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The accounting profession is, to a large extent, self-regulated by a range of organizations including the American Institute of Certified Public Accountants (AICPA), the Institute of Management Accountants (IMI), and the Institute of Internal Auditors (IIA).
Each of these organizations has its own ethics code. The codes have a good deal in common, in particular a stress upon the confidentiality of the relationship between the accounting professional and the client.
Confidentiality as Non-Disclosure
The AICPA's Code of Professional Conduct, for example, provides in Rule 301 that a member "in public practice shall not disclose any confidential client information without the specific consent of the client."
Despite the ethical stress on non-disclosure, there is no legal principle of accountant-client confidentiality analogous to rules protecting spousal or lawyer-client communications.
Accordingly, the AICPA Code also specifies that the language quoted above does not "affect in any way the member's obligation to comply with a validly issued and enforceable subpoena or summons...."
No Bar to Legal Processes
Similarly, the Statement of Ethical Professional Practice on the website of the IMA states that each member has a responsibility to "keep information confidential except when disclosure is authorized or legally required."
One of the issues that has arisen in connection with confidentiality concerns communication between an accountant and a successor accountant. Suppose one CPA withdraws from a relationship with a client after discovering "irregularities in his or her client's tax return." Suppose then the client hires a new accountant who has to go over the books from scratch. Can the prior CPA in any way communicate to the new CPA why she withdrew?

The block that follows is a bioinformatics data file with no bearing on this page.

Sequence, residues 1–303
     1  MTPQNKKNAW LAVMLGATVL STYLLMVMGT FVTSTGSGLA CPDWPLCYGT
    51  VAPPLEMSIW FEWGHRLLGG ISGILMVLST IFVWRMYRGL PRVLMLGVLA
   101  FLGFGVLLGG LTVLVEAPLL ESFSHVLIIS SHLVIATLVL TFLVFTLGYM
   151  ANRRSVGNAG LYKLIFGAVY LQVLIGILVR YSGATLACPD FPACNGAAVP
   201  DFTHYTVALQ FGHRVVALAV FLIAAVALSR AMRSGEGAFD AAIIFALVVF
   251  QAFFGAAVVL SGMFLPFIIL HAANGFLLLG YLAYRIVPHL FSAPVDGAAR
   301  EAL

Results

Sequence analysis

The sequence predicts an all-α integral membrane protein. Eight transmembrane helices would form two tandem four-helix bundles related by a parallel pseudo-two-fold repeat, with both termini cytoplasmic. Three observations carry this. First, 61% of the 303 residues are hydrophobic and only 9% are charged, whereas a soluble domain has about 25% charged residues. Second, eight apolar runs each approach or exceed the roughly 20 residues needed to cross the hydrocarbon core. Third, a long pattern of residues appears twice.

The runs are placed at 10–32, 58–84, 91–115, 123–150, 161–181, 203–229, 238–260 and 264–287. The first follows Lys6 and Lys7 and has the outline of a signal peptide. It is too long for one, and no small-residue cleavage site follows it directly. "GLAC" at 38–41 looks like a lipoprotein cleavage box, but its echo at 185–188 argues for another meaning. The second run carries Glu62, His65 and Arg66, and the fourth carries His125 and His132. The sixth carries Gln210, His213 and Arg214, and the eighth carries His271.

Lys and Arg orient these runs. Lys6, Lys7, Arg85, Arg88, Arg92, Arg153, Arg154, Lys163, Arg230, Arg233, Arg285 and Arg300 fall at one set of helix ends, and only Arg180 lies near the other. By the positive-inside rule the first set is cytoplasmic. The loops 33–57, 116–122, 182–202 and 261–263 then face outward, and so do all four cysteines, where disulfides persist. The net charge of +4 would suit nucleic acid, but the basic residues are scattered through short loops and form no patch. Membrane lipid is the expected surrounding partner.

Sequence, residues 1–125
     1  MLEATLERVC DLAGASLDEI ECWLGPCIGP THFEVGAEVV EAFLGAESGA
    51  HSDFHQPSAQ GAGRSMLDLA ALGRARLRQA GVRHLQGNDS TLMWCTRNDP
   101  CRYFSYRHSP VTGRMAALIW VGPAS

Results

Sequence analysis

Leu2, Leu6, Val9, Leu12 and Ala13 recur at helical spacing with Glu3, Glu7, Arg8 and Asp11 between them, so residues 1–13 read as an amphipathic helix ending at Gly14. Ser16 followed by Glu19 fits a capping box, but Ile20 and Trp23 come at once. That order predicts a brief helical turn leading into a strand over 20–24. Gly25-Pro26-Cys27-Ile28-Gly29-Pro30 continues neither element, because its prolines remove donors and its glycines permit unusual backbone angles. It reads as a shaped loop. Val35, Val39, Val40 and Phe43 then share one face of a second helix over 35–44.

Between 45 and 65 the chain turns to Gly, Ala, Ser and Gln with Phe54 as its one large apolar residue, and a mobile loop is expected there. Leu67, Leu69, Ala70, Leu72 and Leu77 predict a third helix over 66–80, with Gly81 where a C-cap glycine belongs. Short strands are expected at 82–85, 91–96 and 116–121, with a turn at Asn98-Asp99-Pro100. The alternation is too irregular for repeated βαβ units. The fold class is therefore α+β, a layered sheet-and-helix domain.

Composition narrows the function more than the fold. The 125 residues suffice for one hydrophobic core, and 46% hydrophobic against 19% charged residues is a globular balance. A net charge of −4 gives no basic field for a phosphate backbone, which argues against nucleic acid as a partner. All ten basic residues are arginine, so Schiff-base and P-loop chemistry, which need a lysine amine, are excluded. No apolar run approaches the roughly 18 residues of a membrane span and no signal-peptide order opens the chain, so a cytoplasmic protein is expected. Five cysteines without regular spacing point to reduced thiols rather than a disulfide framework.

Disclosure to Successor
Asked about communication with a successor, the AICPA has said: "If a member is contacted by the successor he or she should, at a minimum, suggest that the successor ask the client to permit the member to discuss all matters freely with the successor."
If the client grants that permission, or course, there is no ethical quandry. If the client denies that permission, at least the successor has learned of the existence of some conflict.
The situation of the members of the IMA is by definition somewhat different. "Management accounting" is accounting performed within an organization for the benefit of its managers.
The general rule for the resolution of ethical conflicts within the IMA is that a member should discuss an issue "with your immediate supervisor except when it appears that the supervisor is involved. In that case, present the issue to the next level."
A management accountant is expected to move up the organizational chain as far as possible with his concerns, thus preserving confidentiality while seeking to bring a problem to the attention of those who can react.
The accountant is also advised to consult his own attorney "as to legal obligations and rights concerning the ethical conflict."
Only in the case of a "clear violation of the law" should this process end with communication of "such problems to authorities or individuals not employed or engaged by the organization."
Christopher Faille is a finance journalist who has been writing since 1986. He has written for HedgeWorld and The Federal Lawyer and is the author of books including "The Decline and Fall of the Supreme Court." Faille received his Juris Doctor from Western New England College.